New Education Policy 2020 - Transforming the Indian Education System
Last Modified on : 12 Jan 2022 Author : Himanshu Basant Bhatt
The Union Cabinet has approved the New Education Policy (NEP) on Wednesday, 29th July 2020. Another major change introduced is renaming the Human Resource Development (HRD) Ministry as Education Ministry. The draft for the New Education Policy was made public in June 2019. The government had asked the stakeholders and the public to offer their suggestions until 31st July 2019. The draft faced some oppositions on four-year B.Ed. programme, three-language formula, board examination for class V to VIII, etc. The Ministry has introduced the final NEP with some changes. The National Education Policy was framed in 1986 and was modified in 1992. Here in the article, we will cover all the details of the New Education Policy 2020.
Check out the Major Highlights for New Education Policy 2020
Key Principles of New Education Policy
- Respect for Diversity & Local Context in all curriculum, pedagogy, and policy.
- Emphasize on conceptual understanding rather than rote learning.
- Equity and inclusion.
- Recognizing unique capabilities in each student.
- Encouraging critical thinking and creativity.
- Encouraging philanthropic, private, and community participation.
- Use of Technology and removing language barriers in educational planning and management.
- Timely Review based on experts’ assessment.
Universal Access to Early Childhood Care & Education (ECCE)
The implementation of ECCE will be done jointly by the Ministries of HRD, Health and Family Welfare (HFW), Tribal Affairs, and Wommen and Child Development (WCD). ECCE will include:
Access to free, safe, and high-quality ECCE at Balvatika/ Anganwadis/ Pre-School for all children of 3 to 6 years of age.
Foundational Learning Curriculum
Foundation learning curriculum for age group 3 to 6 in ECCE and age group 6 to 8 in class I and II in primary school.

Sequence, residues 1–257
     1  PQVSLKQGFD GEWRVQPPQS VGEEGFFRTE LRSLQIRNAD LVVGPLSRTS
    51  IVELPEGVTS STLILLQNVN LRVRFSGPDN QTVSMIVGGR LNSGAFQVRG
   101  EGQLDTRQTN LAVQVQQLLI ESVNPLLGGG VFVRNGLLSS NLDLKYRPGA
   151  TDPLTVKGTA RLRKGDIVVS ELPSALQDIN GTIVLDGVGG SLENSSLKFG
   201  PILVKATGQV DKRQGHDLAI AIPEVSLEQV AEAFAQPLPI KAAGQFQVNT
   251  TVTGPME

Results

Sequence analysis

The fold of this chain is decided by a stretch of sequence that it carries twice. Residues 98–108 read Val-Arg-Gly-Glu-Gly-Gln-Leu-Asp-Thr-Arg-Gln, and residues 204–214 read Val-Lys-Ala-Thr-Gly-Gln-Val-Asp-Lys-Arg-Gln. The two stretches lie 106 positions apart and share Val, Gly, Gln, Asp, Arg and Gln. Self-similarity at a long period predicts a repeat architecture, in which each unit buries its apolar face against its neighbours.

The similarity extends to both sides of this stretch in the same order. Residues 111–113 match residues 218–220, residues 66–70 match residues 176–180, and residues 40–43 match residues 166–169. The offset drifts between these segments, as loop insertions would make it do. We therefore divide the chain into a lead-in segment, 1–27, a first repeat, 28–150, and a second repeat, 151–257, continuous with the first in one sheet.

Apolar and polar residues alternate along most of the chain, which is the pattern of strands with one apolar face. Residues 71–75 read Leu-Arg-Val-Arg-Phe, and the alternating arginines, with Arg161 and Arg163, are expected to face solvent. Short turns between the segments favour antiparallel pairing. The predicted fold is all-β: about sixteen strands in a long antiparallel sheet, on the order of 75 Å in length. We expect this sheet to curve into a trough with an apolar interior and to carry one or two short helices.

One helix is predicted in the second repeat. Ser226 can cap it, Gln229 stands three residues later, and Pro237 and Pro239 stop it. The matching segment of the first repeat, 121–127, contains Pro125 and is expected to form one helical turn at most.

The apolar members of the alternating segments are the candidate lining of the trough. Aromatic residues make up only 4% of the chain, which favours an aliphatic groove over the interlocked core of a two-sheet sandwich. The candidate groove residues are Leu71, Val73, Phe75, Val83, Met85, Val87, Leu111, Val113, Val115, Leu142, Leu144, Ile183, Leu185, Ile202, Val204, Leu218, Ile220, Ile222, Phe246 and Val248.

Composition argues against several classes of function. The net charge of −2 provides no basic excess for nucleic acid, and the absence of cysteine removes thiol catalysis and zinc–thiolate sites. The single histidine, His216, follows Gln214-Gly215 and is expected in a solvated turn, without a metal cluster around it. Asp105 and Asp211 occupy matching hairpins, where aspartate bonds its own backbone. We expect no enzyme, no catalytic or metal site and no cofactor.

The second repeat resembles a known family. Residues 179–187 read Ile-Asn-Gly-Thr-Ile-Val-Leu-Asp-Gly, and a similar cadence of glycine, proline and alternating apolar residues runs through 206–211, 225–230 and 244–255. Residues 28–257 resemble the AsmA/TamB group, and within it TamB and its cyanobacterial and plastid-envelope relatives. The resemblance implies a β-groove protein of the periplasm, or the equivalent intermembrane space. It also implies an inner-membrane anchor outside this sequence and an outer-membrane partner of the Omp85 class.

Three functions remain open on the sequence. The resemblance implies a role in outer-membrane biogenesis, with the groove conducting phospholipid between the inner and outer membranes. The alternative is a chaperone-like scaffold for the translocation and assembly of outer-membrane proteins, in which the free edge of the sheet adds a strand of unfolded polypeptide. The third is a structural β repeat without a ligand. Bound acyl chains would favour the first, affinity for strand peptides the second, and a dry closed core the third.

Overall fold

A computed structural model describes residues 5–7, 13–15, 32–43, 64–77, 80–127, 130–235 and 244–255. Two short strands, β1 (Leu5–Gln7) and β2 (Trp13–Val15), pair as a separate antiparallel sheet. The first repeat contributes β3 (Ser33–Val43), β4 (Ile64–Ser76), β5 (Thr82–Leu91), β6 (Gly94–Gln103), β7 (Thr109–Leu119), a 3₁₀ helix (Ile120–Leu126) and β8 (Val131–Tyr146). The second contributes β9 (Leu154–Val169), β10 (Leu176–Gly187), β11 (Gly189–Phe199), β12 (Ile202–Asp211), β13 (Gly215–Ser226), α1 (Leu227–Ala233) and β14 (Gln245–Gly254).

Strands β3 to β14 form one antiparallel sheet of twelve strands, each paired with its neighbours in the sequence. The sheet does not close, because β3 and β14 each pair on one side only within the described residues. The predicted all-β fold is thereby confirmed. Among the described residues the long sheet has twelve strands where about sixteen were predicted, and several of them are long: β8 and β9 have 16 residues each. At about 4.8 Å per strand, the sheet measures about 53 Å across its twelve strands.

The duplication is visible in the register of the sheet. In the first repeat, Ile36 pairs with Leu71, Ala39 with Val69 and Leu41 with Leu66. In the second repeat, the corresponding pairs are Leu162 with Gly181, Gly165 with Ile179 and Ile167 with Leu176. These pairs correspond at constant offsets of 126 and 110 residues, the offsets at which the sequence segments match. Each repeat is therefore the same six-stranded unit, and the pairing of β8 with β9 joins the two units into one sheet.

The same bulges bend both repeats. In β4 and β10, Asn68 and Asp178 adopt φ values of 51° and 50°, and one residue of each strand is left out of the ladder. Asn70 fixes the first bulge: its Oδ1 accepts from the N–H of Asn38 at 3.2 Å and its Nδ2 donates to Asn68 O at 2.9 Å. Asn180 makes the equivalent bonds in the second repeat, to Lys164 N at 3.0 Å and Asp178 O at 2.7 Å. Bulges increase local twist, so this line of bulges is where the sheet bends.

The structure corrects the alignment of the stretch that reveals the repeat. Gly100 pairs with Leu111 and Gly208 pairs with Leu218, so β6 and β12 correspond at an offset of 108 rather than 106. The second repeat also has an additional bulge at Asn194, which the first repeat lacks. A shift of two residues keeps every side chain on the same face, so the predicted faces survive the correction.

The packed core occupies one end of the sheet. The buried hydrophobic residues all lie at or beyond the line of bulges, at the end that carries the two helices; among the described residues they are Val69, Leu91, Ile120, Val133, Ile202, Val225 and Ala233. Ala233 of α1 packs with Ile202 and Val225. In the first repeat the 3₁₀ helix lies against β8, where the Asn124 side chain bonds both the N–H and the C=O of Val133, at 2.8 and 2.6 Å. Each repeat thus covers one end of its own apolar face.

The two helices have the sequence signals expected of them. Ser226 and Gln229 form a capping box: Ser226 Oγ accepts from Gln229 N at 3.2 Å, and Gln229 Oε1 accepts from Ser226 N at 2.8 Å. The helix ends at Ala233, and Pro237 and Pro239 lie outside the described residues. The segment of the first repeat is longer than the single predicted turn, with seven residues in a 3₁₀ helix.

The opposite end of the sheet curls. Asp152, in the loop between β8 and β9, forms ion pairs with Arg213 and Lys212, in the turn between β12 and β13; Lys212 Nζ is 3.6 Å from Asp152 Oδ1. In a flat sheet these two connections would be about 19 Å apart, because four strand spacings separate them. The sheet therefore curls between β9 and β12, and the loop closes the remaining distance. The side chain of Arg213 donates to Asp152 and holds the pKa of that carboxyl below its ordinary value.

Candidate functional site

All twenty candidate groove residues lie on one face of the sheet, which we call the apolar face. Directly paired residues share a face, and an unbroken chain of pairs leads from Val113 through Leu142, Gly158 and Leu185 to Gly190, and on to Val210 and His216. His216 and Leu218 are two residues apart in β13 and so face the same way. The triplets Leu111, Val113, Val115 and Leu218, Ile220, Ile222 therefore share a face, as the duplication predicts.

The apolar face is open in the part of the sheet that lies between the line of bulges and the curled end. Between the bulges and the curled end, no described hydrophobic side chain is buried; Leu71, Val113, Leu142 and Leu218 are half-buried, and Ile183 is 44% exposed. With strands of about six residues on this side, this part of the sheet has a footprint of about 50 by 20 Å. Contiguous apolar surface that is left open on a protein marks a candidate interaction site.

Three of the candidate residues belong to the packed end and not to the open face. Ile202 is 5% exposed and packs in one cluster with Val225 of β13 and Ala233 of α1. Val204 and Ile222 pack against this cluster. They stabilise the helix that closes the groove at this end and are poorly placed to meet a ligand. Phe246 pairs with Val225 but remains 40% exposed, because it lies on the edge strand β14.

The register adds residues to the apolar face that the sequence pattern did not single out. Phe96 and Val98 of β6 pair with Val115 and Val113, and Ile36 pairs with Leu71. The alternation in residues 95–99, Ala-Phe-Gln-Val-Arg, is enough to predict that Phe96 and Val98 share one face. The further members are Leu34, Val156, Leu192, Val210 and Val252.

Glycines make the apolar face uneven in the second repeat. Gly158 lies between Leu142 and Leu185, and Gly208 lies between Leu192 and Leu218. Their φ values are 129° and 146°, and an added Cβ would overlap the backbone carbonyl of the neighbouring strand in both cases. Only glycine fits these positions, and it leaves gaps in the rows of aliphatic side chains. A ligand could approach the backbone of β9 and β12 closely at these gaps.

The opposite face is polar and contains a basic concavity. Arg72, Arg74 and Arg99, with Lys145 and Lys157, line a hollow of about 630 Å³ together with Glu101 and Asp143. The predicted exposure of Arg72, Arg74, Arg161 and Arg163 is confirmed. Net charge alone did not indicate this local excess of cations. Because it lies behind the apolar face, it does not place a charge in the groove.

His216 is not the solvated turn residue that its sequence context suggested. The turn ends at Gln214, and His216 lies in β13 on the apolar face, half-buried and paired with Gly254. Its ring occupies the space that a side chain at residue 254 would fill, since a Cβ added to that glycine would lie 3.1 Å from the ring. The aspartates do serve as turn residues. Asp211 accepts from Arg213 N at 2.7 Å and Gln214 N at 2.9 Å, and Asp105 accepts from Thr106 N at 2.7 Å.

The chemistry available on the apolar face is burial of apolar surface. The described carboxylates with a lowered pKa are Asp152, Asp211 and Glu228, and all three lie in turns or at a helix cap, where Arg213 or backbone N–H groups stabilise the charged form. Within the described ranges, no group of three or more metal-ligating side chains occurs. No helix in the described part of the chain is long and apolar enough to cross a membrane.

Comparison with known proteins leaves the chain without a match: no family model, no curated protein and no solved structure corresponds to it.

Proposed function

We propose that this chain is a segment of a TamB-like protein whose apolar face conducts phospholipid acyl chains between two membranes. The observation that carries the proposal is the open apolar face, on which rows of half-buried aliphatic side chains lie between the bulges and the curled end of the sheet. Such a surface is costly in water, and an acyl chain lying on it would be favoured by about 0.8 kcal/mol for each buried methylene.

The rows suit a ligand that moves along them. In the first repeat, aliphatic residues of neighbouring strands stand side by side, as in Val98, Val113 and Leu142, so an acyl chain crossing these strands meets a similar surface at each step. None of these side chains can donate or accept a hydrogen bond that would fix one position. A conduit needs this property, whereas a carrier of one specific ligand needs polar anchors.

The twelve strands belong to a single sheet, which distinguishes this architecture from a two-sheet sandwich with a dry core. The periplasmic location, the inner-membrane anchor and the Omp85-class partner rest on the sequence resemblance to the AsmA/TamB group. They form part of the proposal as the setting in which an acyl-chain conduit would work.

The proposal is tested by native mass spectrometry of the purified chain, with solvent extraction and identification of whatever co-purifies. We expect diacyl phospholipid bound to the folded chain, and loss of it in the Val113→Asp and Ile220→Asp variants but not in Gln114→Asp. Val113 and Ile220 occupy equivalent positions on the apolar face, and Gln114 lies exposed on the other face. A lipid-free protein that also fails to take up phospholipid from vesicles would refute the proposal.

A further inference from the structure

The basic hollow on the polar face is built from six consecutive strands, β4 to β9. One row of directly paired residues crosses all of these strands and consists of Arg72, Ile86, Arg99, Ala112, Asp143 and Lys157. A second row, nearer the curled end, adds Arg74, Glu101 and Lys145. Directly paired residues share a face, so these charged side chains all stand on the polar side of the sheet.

Activity-based, play-based, multi-level, and flexible learning system.
Before class 1 (prior to the age of 5), every child will be moved to ‘Preparatory Class’ or ‘Balvatika’.
Expected Outcomes of the New Education Policy
- Ensure equity and inclusion
- Universalisation of Access from ECCE to Secondary
- Attain SDG goals of retaining all children in schools until completion of secondary education
- Bring back 2 crores out-of-school children
- Focus on 21st-century skills in learning, teaching, and assessment
- Effective Governance
- Resource sharing
- Overcoming the language barrier in learning
- Common standards for private and public school education
New Academic Structure
The existing academic structure (10+2) is to be replaced by the new structure (5+3+3+4). The detailed structure is as follows:
Foundation Stage (5 years)
3 years in Anganwadi/ Balvatika/ Pre-School from age group 3 to 6 years. 2 years in class 1st and 2nd from age group 6 to 8 years. The foundation stage comprises of multilevel, play/ activity-based learning.
Preparatory Stage (3 years)
The preparatory stage comprises of 3 years from classes 3 to 5 (age group - 8 to 11 years). Discovery, play, and activity-based interactive classroom learning.
Middle Stage (3 years)
The middle level will be from classes 6th to 8th (age group - 11 to 14 years). It will comprise of experimental learning in the mathematics, sciences, social sciences, arts, and humanities.
Secondary Stage (4 years)